The group that commissioned it, the Asociación de Empresarios Mexicanos, worked with the Mexican Consulate and the City of San Antonio to make the sculpture a symbol of cooperation and shared culture between the country and the city.  The previous empty traffic island was ultimately (after some debate) chosen for the monument's site which history states, according to many, is where the prisoners that were captured at The Battle Of The Alamo were executed by General Santa Ana's orders.
So, that is a more clarifying translation of it's purpose and I remain proud for San Antonio to honor it's grace to the skyline and it's purpose to stand so tall and proud.
Everyone is entitled to their opinion, now you have heard mine. own observation to The Torch of Friendship?  Not only does everyone seem to stop and take pictures of it,  you can see this from almost any spot you happen to be while walking the downtown area and below on the River Walk.  

So for me?  It's my landmark to know where I parked.  *giggles*

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Drifting Tour

Year round, Rio San Antonio Cruises operates guided river boat tours and dining tours.  Photographers and tourist snap away with their cameras at almost any angle or view to capture these fun-filled boats - and I am one who participates and have collected hundreds of photographs.  It's a difficult task to select just one or a few to prepare for publishing and print since I see this glorious riverwalk to contain everlasting beauty and enjoyable surprises.  I plan to post some of these with the photography details and others with a more painted or watercolor effect.....soon.
I have taken a few of these tours myself and felt quite educated and entertained by the Guides who fill our ears with histories, vendor patron and establishment information along the way.  
I think the next time I visit I'll take a night cruise and capture the festive lights carouseling and draping among the trees and river paths.

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Alamo Rose

The San Antonio Rose" is a signature song by Bob Wills (who btw was born in my Mother's home town of Turkey, Texas). When I see a rose or think of a rose, two things come to mind.  One, the song "The San Antonio Rose" and second, "The Yellow Rose Of Texas" which is a traditional folk song and is my Mother's favorite flower!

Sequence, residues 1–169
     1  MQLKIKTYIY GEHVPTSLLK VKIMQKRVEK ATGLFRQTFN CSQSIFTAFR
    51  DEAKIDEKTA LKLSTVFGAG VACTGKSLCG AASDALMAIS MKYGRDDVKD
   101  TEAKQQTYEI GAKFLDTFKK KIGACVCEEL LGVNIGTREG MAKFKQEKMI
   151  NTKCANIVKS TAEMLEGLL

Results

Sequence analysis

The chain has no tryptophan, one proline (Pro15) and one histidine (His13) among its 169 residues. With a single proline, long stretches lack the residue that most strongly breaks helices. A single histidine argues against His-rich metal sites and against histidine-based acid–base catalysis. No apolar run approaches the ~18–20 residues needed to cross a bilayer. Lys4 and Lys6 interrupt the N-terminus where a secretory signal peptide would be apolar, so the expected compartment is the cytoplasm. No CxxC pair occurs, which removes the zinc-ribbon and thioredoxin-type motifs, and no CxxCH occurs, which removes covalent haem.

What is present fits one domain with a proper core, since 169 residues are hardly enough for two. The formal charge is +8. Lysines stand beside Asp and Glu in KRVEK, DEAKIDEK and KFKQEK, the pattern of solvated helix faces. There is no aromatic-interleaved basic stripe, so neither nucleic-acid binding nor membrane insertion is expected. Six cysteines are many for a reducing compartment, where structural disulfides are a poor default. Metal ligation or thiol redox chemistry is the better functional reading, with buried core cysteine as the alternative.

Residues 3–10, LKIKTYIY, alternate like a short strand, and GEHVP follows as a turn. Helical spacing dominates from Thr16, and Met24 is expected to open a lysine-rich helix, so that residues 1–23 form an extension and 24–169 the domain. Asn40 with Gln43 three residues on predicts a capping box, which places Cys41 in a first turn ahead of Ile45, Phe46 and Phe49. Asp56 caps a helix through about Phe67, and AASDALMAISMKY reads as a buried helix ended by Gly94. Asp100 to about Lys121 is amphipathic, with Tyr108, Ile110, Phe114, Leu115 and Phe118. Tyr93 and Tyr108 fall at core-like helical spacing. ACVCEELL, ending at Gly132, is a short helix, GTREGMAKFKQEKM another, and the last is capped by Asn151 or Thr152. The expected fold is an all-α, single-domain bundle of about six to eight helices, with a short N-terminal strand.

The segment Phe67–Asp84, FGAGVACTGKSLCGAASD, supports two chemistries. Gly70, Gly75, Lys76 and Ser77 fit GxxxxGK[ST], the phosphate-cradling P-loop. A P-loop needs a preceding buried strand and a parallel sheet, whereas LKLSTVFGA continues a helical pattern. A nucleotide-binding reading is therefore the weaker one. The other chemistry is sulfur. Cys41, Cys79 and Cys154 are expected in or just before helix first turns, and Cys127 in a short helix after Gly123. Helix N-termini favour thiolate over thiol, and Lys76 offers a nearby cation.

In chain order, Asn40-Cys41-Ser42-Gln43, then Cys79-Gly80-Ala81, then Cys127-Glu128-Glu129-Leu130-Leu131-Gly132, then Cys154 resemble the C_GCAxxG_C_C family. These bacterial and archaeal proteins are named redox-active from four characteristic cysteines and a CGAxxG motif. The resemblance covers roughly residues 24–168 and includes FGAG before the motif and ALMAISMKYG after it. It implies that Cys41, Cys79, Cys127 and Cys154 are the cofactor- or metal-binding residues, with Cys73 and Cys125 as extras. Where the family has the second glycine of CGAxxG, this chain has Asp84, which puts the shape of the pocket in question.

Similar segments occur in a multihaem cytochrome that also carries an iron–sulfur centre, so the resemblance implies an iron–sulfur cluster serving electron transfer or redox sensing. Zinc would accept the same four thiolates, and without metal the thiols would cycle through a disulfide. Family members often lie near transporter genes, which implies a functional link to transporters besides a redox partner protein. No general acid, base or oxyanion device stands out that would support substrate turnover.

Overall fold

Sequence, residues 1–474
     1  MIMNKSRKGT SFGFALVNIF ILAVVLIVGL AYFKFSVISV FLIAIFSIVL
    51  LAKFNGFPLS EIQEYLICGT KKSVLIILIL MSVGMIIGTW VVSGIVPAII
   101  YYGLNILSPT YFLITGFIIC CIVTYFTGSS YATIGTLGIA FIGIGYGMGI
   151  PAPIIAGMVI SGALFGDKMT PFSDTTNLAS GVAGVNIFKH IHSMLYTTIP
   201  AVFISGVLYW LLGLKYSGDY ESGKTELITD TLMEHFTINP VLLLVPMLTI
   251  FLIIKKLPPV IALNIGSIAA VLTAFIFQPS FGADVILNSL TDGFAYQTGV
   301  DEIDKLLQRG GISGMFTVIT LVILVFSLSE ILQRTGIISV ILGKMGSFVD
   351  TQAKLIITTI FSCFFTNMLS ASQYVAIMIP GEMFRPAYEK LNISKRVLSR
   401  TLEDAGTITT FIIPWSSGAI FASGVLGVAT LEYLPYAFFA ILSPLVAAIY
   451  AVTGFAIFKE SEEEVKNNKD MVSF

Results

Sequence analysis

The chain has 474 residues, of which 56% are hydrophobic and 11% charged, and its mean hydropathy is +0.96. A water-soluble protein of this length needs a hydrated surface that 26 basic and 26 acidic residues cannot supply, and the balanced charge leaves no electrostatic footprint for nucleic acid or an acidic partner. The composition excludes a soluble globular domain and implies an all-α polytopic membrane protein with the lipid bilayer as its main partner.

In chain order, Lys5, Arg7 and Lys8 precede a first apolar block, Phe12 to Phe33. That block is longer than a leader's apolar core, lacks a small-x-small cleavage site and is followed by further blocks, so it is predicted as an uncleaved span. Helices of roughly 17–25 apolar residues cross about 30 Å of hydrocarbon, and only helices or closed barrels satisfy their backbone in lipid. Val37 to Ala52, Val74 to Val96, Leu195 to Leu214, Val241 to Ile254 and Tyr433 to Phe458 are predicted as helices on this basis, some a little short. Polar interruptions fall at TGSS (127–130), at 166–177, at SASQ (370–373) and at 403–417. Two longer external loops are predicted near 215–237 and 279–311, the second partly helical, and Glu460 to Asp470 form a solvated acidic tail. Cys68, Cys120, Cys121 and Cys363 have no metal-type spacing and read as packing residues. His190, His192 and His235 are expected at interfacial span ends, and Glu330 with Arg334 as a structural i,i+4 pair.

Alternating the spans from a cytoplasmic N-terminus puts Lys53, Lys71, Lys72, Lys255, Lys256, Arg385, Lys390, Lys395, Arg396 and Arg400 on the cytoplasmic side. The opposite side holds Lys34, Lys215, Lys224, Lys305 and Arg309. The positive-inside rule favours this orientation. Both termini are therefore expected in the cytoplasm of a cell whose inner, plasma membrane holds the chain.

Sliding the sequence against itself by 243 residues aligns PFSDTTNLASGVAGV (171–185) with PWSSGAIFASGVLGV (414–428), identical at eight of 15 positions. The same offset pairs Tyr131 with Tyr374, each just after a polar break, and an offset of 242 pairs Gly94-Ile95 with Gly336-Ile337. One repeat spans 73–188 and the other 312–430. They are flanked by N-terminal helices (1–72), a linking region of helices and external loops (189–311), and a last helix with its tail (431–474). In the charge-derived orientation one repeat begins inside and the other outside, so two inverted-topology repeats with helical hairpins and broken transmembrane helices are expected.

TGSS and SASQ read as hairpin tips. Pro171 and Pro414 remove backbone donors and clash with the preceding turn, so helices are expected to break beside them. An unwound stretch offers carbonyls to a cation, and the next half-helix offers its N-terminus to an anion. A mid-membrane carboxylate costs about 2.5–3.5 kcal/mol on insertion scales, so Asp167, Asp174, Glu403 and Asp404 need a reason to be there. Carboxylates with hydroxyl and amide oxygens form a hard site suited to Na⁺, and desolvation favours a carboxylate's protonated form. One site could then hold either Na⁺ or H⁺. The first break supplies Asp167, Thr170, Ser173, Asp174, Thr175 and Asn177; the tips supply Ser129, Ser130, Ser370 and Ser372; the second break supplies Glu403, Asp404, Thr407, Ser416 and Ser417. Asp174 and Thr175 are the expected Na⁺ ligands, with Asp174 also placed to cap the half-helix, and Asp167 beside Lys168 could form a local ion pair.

This photo you see here is me - as Bambi Chicque (of BamPu Legacies) where in SecondLife I manage to do virtual photography, blog and design to sell.  I always take photos of The Alamo when in San Antonio, but it's difficult to take one where there are no people on the grounds.  So, last week while preparing some of my recent trips's pix, I thought I would search SecondLife to see if anyone had already built a sim with this structure and wondered that if not,
I would just build one so to take some photos!  
LUCKY ME!  I found The Alamo in SecondLife and my mouth watered and gaped in pleasant surprise to the absolute perfect detail put forth and constructed.  All the way to the court yards, the interiors, the exhibit information, historical collections, textures and photographs.  Just done perfectly!
So, I selected a Spanish lace style pant set, put my hair up and picked some roses to pose in front of The Alamo's grand superstructure of this real historical site!  The photo effect is one I devised myself to give it a festive painted feel ~ and my choice in attire was to mix the new with the old since The Alamo is so alive to me, personally, today!
I hope you enjoy!

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Greetings San Antonio Postcard

September 2014

I have spent the last 8 weeks or so traveling through and photographing parts of Texas.  I always buy postcards to keep as memoirs and to send to family and friends while on my adventures
(to say "Wish you were here" or "HaHa, I'm here and your're not!" ~ lol )  
While on my recent trip I met quite a few educators who will be following my new blog, "Where In The World Is Tanya", and will have their students follow as well for quizes and history details.  
My plans are to create a postcard for each of my blog posts using some of my photos
and any other brainy quote or reference to the subject!